One of the most promising elements of common academic standards for students with disabilities, say experts in special education, is that they offer explicit connections from one set of skills to another.

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The surprising reasons kids cheat in school
TakePart
Much like an unfaithful partner, a cheating student usually shoulders the entire blame for his misdeed, even when there might be other crucial dynamics at play. A recent story in The Atlantic highlights a new book by James M. Lang, associate professor of English at Assumption College, called Cheating Lessons: Learning From Academic Dishonesty, in which he explores these dynamics and sets out to rid his classes of cheating.
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Wonder, prediction and student engagement
Edutopia
Dr. Richard Curwin, the director of graduate program in behavior disorder at David Yellin College, writes: "A sense of wonder and the need to predict — these are two of the qualities that enrich all of us. We wonder about big things (is there life on other planets?), smaller things (if I write to a friend that I've had a falling out with, will I get an answer?), and smaller yet (what will happen if I marinate my chicken in beer?). Not only is it fun to predict, but prediction is also a strong part of being safe (if the pot recently boiled, I should probably grab it by the insulated handle)."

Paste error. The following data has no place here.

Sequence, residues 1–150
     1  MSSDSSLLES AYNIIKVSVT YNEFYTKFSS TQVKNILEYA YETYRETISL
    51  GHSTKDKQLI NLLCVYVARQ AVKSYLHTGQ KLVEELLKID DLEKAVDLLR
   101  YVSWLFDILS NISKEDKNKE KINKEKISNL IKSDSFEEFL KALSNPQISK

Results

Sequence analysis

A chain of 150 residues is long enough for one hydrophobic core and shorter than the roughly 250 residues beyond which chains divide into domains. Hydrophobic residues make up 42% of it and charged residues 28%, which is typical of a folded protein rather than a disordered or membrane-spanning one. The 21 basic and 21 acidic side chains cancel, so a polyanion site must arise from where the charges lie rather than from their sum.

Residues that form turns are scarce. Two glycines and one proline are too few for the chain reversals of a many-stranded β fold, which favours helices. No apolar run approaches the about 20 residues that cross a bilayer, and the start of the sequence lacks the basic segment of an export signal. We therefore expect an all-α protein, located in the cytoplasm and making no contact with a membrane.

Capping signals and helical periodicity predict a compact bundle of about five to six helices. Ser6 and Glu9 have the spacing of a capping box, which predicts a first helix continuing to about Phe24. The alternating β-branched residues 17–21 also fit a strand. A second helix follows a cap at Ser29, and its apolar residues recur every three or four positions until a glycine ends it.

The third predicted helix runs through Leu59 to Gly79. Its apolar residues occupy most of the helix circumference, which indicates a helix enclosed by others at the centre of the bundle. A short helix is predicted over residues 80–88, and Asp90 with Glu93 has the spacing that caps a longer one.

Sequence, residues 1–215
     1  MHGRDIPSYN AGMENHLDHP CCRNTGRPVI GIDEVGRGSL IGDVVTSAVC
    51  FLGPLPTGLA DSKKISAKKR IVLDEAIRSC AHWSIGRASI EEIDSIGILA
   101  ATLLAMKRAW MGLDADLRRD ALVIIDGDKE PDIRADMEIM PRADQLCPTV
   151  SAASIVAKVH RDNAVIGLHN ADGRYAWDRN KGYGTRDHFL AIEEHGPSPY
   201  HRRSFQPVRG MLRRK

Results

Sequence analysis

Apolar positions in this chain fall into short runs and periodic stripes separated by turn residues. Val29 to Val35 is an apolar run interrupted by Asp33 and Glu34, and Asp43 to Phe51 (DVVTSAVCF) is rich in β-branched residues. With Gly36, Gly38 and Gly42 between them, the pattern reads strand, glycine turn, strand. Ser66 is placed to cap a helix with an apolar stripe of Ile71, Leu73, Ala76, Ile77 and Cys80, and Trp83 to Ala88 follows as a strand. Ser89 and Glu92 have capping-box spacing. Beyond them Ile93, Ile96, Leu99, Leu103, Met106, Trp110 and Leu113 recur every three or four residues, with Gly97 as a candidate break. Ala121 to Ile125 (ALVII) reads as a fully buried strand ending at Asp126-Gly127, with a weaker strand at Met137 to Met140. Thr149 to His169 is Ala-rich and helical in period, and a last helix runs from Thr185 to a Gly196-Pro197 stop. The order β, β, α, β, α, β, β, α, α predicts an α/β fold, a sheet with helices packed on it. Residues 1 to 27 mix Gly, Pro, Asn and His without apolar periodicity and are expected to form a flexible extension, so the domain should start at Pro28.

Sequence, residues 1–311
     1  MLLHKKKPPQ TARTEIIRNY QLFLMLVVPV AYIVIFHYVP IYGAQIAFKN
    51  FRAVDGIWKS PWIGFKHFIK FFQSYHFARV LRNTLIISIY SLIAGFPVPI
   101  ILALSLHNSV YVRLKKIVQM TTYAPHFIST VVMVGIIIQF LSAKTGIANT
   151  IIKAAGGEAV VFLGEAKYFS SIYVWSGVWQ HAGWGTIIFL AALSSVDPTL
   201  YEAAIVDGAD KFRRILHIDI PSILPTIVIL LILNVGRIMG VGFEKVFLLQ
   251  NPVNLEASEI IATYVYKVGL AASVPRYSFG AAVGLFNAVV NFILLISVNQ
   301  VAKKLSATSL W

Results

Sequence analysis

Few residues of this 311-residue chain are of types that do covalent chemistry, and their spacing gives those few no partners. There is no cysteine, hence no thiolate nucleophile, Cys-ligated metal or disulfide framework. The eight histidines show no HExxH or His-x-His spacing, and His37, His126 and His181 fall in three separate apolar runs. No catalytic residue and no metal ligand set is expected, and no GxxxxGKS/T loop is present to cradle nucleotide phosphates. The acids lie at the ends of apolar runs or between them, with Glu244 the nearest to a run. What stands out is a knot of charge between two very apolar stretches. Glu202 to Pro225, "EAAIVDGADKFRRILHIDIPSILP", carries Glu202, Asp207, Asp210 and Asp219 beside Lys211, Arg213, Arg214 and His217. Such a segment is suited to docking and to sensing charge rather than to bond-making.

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Your brain is not the hard-wired machine you think it is
Psychology Today
For many years, it was believed that the human brain is essentially hardwired — that we are born with a set of cognitive abilities, which are more or less unalterable for the rest of our lives. But the discovery of neuroplasticity — our brain's ability to selectively transform itself in response to certain experiences — has proven to be one of the biggest paradigm shifts that neuroscience has seen over the last 25 years. Simply put, neuroplasticity refers to our brain's malleability — its ability to respond to certain intrinsic or extrinsic stimuli by reorganizing and building its structure, function and connections.